Today is a day that we honor our veterans for the many sacrifices they endured during their time in service. Understanding these sacrifices are often times underrated or misunderstood. There are the sacrifices of being away from home and not being able to enjoy a family life like most of us take for granted and then there are the mental sacrifices and battles that many veterans endure that we don’t really know much about. Some jobs in the military are great jobs that you can build a career on when you separate from the military. Some jobs give you the experience you need to be successful in civilian life and then there are some jobs that are just plain dangerous without much of a payoff when it comes to a civilian equivalence in the labor force. The struggle to re-adapt to civilian life after working in a dangerous position in the military can be an overwhelming struggle filled with mental failure. One of the biggest struggles I found was coping with the loss of my friends or the people around me. Early on in my military career I learned of loss and coping with it. If you work in a dangerous environment in the military loss is usually something that comes quickly, and you learn very quickly to put it behind you and move on. I call it “desensitizing” and it is a natural reaction when you work in a dangerous job that requires a lot of focus to survive. You can’t dwell on what has happened so your feelings are quickly put in check, usually by alcohol, and you move on. There isn’t time to properly process what’s happened and there’s little to no time to grieve. I can still remember one of my good Marine friends sitting on the floor of my apartment, laughing, drinking beer and having a fun night and less than a week later he was gone. A few weeks later a pilot that I had just had a conversation with and launched for a training flight crashed into the side of a mountain and was killed instantly. You don’t dwell on those things, and you tend to just move on as it’s part of the job description. Some loss was very tragic and some of the incidents you see are very graphic but after a while you get desensitized to the personal aspect of the tragedy which makes it easier to deal with. It’s like all your feelings and emotions from an incident are rolled up in a little ball and tucked away somewhere in the back of your mind to be dealt with in full on another day.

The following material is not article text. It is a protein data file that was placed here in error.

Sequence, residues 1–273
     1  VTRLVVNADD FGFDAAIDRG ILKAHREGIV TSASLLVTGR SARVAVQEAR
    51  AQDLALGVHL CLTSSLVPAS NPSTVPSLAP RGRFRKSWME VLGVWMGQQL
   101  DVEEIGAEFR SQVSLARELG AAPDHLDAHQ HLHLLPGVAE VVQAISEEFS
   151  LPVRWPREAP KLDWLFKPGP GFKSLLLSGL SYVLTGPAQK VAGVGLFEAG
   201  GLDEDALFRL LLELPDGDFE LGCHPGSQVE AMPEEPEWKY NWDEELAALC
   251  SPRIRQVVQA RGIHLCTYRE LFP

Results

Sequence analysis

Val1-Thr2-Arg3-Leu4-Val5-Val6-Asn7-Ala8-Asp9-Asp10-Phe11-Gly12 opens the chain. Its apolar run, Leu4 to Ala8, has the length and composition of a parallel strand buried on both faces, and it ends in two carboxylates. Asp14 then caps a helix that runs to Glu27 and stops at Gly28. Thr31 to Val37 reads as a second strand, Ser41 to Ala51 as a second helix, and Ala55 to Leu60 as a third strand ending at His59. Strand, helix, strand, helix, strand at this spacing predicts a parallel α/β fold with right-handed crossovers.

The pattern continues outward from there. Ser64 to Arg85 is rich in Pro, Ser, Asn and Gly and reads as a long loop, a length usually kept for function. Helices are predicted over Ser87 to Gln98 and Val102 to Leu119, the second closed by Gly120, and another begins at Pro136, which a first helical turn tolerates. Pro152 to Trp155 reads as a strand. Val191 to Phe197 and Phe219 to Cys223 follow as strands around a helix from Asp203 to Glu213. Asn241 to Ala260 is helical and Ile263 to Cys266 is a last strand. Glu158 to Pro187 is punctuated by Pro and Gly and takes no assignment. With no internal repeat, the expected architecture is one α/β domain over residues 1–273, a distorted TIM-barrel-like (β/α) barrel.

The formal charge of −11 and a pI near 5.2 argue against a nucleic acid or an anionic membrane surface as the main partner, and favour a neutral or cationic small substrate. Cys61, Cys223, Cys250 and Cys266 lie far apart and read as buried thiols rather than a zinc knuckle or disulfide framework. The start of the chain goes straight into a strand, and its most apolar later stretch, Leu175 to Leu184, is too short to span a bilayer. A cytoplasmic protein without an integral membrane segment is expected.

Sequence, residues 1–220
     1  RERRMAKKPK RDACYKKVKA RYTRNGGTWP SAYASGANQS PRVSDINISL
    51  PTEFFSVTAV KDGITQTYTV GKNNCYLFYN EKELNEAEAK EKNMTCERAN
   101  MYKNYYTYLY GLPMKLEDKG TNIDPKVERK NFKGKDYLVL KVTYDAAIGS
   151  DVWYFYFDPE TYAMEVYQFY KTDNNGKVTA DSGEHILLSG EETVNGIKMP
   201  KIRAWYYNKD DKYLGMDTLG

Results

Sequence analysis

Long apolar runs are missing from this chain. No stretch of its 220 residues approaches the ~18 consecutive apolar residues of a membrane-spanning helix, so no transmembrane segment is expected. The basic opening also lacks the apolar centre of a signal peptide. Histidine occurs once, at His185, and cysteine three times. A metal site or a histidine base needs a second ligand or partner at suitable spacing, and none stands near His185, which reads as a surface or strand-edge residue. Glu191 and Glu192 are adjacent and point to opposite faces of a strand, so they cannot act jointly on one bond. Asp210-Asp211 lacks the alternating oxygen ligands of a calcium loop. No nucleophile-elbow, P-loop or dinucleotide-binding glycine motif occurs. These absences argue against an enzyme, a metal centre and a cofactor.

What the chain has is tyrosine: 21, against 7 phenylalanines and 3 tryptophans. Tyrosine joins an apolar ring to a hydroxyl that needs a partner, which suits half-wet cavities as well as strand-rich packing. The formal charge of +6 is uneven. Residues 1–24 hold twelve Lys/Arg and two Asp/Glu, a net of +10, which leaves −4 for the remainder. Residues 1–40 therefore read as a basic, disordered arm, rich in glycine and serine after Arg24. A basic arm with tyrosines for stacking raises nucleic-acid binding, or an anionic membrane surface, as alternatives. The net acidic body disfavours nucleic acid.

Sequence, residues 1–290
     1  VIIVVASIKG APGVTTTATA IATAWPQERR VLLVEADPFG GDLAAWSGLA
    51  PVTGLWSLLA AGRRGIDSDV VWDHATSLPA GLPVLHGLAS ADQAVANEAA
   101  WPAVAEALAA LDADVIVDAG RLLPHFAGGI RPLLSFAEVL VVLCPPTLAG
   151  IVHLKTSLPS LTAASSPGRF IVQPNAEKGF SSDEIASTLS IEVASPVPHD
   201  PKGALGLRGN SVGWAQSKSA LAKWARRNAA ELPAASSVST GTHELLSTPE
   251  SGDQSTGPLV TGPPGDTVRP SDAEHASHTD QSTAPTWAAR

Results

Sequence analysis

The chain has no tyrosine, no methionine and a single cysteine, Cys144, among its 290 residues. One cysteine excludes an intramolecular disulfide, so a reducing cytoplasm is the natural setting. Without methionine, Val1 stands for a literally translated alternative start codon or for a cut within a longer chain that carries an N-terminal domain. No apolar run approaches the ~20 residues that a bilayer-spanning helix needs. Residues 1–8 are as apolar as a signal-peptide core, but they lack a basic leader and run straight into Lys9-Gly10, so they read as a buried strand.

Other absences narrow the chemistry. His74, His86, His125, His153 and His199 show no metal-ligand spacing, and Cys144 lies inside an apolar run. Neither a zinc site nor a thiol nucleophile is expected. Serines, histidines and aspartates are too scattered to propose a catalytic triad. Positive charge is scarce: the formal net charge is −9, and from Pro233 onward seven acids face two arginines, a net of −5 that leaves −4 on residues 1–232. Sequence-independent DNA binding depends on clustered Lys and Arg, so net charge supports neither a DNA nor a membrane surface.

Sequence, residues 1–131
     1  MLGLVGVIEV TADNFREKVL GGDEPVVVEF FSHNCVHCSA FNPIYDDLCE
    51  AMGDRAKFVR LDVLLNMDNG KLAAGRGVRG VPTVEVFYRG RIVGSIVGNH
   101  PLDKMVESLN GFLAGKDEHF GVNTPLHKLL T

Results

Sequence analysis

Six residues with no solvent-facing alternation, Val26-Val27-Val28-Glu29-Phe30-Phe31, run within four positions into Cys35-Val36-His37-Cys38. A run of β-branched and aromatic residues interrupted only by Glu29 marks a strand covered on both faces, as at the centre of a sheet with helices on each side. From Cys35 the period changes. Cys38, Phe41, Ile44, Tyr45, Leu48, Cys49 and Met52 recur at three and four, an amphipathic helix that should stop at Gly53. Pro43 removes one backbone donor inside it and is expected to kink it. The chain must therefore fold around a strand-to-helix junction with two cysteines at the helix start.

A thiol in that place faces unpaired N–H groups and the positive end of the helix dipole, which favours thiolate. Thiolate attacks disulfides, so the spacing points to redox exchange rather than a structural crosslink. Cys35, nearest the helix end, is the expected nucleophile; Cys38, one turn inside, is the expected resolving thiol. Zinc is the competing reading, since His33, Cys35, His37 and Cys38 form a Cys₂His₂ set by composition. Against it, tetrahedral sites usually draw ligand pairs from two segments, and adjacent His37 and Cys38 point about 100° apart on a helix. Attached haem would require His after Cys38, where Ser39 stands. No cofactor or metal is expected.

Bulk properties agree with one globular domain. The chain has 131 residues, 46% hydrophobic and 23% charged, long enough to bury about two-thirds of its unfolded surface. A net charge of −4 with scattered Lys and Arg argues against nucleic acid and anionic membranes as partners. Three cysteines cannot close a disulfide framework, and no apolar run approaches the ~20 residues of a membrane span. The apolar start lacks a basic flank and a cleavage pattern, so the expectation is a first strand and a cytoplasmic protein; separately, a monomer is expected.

Unfortunately, or fortunately, depending on how you look at it, the lack of emotions from a tragedy is only temporary and a lot of times, after you separate from the military the desensitizing starts wearing off and you start to get those emotions back. There can be anger, there can be guilt and there can be other emotions that come into play. Usually, it’s the same treatment for these things in the for of sleep aids and antidepressants to deal with your emotions. These treatments do nothing but kick the can on down the road and sooner or later the emotions need to be delt with. It’s hard, very very hard to cope with these things. It turns into a “damned if you do, damned if you don’t scenario and suicide can come into play. I can say from personal experience that time is the best medication for dealing with these issues. Having like-minded people around you is another good way to cope with these issues and a great tool for support. It gets better over time and dealing with these issues can often be a process. The biggest thing to understand is that sometimes our veterans are fighting mighty mental battles that no one can visibly see. Understanding the full meaning of “sacrifice” is something we should strive to honor and respect on this Veterans Day.


2 thoughts on “Recovery Update: Veterans Day Edition

  1. Enjoy the fruits of your Navy life during this month of honoring veterans of all services in all wars.

    Semper fidelis